Under the Rajapaksa family, the president, Gotabaya, and his brother Mahinda – who is the Prime Minister – (until recently, the other brother Basil Rajapaksa was the finance minister), the country has been dogged by bungling political and financial management, one after the other.
Once voted to power in 2019, President Rajapaksa slashed Value Added Tax (VAT) from 15% to 8%. The rationale behind this ‘masterstroke’ was simple. A tax cut would increase the disposable income in the hands of the people which would induce households to increase their consumption.
This, in turn, would lead to an increase in demand, thereby finally renewing the economic growth. Though this idea is not entirely new and has even been successfully implemented in times of economic hardship, thorough planning and execution are paramount. Riddled with uncertainty and lockdowns during the pandemic, people saved more than they consumed. As a result, the tax slash hardly helped in recovering demand. It yielded the opposite effect of starving the government of much-needed revenue to override the pandemic.
If this isn’t enough, a bigger blow came on 29th August 2021, when Rajapaksa imposed a blanket ban on the import of chemical fertilisers and pesticides to promote ‘organic farming’. The argument given by Rajapaksa was that Sri Lanka was spending a vast sum of the foreign exchange on the import of fertilisers, whose market, as so he claimed, had turned into an oligopoly.
He stated that this move would benefit Sri Lankan fertiliser companies and would also improve the health of the population as it shifts towards ‘natural farming’. Since then, crop yields of cinnamon, pepper, tea, cloves, and cardamom, of which Sri Lanka is a major exporter, have dropped by 30% – 40%, causing severe food inflation in the country.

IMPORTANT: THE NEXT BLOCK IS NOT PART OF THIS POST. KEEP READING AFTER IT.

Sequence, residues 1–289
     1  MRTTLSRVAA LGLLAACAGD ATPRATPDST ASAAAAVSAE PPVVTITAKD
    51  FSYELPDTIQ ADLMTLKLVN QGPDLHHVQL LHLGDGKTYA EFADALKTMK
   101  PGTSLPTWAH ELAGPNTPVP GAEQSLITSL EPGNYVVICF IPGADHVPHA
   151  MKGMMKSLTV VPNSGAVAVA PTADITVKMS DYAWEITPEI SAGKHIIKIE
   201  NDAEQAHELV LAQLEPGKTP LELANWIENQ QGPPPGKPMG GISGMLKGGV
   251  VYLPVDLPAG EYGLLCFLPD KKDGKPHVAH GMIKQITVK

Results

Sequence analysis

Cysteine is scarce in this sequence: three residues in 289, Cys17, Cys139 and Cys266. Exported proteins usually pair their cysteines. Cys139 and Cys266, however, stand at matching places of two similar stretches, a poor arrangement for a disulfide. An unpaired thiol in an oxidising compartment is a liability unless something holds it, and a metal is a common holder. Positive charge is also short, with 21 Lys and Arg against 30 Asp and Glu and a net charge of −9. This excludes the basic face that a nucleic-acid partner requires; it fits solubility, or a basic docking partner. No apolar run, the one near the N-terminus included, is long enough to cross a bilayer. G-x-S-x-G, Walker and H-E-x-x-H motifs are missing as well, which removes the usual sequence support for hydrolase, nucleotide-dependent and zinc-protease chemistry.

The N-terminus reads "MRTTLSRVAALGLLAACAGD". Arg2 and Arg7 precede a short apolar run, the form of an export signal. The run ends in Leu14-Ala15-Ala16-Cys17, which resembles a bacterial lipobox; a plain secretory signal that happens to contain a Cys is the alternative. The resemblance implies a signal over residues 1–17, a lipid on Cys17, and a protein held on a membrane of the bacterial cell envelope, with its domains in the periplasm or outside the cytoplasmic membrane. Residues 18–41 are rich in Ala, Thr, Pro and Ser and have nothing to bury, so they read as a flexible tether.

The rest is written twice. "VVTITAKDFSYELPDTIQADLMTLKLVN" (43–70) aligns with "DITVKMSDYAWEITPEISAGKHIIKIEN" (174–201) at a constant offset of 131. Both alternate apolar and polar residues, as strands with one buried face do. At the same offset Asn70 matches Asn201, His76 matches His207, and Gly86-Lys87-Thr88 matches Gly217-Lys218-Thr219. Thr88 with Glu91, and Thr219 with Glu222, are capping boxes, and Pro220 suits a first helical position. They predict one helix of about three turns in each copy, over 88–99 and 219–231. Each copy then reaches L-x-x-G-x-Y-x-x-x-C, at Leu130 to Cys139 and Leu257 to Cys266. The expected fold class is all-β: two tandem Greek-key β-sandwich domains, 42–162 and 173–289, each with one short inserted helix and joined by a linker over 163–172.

The crisis worsened when the government announced an economic emergency later in that month amidst rising prices and issued a ‘Public Security Ordinance’ that allowed government officials to seize food stock hoarded by traders and sell them at the government-mandated price.
Former Central Bank Deputy Governor, W.A. Wijewardena, said that the organic plan was a “dream with unimaginable social, political and economic costs.” What about institutions that limit the power of the President? Could they not do something? Rajapaksa got that covered too.
In 2020, the Sri Lankan Government passed the 20th Constitution Amendment that directly contradicted democratic doctrines by empowering the president to appoint and dismiss ministers, dissolve the parliament after 1 year from the general elections, and make him immune from legal proceedings.
Debt and Foreign Exchange